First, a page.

Unlocking Value

Financiers’ perspective on the resolution of stressed assets

The high level of stress in the power sector has been an issue of concern for some time now. At a recent India Infrastructure conference, industry experts shared their views on the measures that have been taken to address the problem of stressed assets and the way forward for the banking and power sectors.

The progress with regard to the  resolution of stressed assets through the non-National Company Law Tribunal (NCLT) route has been quite grim and the process has been extremely slow. This could be attributed to a number of reasons such as banks concealing their non-performing assets (NPAs), stakeholders being reluctant to face the NCLT, and corruption seeping into the NCLT and insolvency process. Moreover, the interest during construction accumulated till date, which should be around 15 per cent for thermal power plants, is north of 35-40 per cent.

While it has been said time and again that the Insolvency and Bankruptcy Code (IBC) route is the way forward for stressed power asset resolution, the entire system needs to realise this rather than resist it. The code takes away control from the banks as well as the promoters, both of which are unwilling to relinquish control. For price discovery through the market, the IBC is the right solution. Unfortunately, the resolution process is not working as per the scheduled timelines. There are instances in the steel sector where the IBC has worked. However, there are cases from the Reserve Bank of India’s first list of defaulters, which have been languishing for almost a year in either the appellate tribunal or the Supreme Court. There are lacunae in the judicial system due to which a time-bound resolution has not fructified on the ground. Thus, to make IBC a success, there is a need to enforce the resolution timelines.

All the stressed asset cases cannot be salvaged. Initially, there were 30 cases that could be salvaged. Of these, 10 were resolved primarily through better administration of power purchase agreements (PPAs) and fuel supply agreements (FSAs). Another 10 cases required financial intervention, of which two have been resolved outside the NCLT and five (spread across Tamil Nadu, Chhattisgarh, Maharashtra and Madhya Pradesh) are at various stages of resolution. The remaining 10 cases have very slim chances of resolution. On an average, lenders expect a haircut of 50-60 per cent on the resolution of these 30 stressed assets. However, these assets can be divided into two groups – one, where there have been 10-15 per cent haircuts (these were salvageable cases) and the other comprises assets that have to be completely written off, resulting in a haircut of 100 per cent.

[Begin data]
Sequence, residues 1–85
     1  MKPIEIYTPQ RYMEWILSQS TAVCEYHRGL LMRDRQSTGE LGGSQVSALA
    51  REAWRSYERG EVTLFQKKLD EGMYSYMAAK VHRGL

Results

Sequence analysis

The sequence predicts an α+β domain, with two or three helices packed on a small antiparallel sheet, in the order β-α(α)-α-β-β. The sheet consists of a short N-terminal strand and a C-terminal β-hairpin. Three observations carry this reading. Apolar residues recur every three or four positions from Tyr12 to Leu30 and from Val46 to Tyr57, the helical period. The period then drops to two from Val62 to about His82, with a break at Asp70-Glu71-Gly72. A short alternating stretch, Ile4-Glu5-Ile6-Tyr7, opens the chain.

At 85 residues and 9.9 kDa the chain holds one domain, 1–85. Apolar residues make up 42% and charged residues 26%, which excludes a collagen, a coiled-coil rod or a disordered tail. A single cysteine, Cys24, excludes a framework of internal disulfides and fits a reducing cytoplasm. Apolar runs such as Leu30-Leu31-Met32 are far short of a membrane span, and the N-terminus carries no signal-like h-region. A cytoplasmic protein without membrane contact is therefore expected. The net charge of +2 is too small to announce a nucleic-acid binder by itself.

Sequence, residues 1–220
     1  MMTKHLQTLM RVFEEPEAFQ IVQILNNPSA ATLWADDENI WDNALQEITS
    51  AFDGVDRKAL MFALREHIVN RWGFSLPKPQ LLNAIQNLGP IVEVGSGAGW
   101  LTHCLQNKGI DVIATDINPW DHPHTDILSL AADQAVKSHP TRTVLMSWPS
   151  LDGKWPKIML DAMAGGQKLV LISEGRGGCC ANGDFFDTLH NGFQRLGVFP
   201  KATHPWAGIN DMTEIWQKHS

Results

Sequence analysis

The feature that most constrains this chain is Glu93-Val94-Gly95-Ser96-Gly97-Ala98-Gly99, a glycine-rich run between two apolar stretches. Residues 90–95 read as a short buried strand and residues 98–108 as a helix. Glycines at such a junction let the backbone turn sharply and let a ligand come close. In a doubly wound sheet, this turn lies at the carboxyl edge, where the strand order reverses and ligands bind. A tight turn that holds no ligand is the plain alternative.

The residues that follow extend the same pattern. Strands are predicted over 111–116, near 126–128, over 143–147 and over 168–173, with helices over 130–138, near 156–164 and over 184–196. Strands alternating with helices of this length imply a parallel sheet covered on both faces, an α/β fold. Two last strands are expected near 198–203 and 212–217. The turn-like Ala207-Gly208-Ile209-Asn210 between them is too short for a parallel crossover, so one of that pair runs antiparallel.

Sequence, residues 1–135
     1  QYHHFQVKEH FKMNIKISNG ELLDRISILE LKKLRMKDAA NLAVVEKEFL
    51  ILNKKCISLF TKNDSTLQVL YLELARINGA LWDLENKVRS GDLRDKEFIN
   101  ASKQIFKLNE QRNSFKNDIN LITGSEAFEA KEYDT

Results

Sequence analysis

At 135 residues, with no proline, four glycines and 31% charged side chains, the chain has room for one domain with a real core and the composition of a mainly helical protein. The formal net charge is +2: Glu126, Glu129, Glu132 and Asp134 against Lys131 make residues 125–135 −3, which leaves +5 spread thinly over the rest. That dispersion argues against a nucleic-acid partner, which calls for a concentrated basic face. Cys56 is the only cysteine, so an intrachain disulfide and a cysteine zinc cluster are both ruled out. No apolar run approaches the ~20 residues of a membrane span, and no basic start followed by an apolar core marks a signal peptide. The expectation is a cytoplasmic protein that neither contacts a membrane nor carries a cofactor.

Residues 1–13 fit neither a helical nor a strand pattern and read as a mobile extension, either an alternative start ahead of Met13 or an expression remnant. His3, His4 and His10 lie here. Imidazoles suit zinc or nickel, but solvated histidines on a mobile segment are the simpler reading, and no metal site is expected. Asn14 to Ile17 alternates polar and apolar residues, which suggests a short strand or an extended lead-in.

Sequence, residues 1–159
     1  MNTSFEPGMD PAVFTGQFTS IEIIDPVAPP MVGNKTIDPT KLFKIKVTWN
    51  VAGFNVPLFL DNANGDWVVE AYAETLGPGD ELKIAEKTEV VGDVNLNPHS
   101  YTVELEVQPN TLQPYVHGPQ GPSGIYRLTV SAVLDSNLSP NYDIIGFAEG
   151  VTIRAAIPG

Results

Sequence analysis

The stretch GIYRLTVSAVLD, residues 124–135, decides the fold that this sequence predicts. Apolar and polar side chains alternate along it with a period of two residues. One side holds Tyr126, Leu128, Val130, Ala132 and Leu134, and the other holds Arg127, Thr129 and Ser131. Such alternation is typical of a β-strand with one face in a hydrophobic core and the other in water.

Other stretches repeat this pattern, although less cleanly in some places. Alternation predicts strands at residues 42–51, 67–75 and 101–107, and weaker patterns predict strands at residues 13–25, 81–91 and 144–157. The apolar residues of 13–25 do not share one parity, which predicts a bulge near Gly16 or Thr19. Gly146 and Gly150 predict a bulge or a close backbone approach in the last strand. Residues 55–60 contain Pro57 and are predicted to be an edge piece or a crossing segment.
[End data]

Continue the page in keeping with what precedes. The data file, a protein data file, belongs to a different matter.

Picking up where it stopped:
There is a glut of NPAs in the banking system. There are three criteria that need to be met to solve the problem – banks should be willing to take haircuts, the promoter/new investor should pump in money for meeting working capital requirements and for completion of projects, and there should be some correction in the regulatory policy. Asset reconstruction companies (ARCs) are looking at operational power plants with PPAs for 50-60 per cent of their capacity. ARCs are also exploring assets that are being restructured. Phoenix ARC, for instance, has minority stakes in Korba West Power Company Limited, SKS Power and KSK Energy Ventures Limited. However, assets that are still under construction require a strategic investor rather than an ARC. ARCs also refrain from acquiring large stakes in power companies and are trying to influence the recovery process through the joint lenders’ forum or the IBC route. Separately, a dedicated ARC for the power sector can work if it is well capitalised. At present, the total capital available to ARCs is between Rs 50 billion and Rs 60 billion, which is leveraged on a 2:1 debt-equity ratio. This is far below what is required for the power sector.

The warehousing mechanism (called the Pariwartan scheme), under which the government plans to warehouse stressed power projects under an asset management firm, works in cases where the asset is valuable and well built. Due to a temporary demand-supply mismatch for power and fear of large haircuts, warehousing sounds reasonable to prevent the loss of value of the asset, provided lenders have the requisite staying power. With a shift in the demand-supply scenario (situation of power shortage due to rising demand) expected over the next two years, assets being held at present will become relevant. In a situation of a power shortage, it will be relatively easy to secure PPAs. Once PPAs are in place, the value of stressed assets will be unlocked over the long term.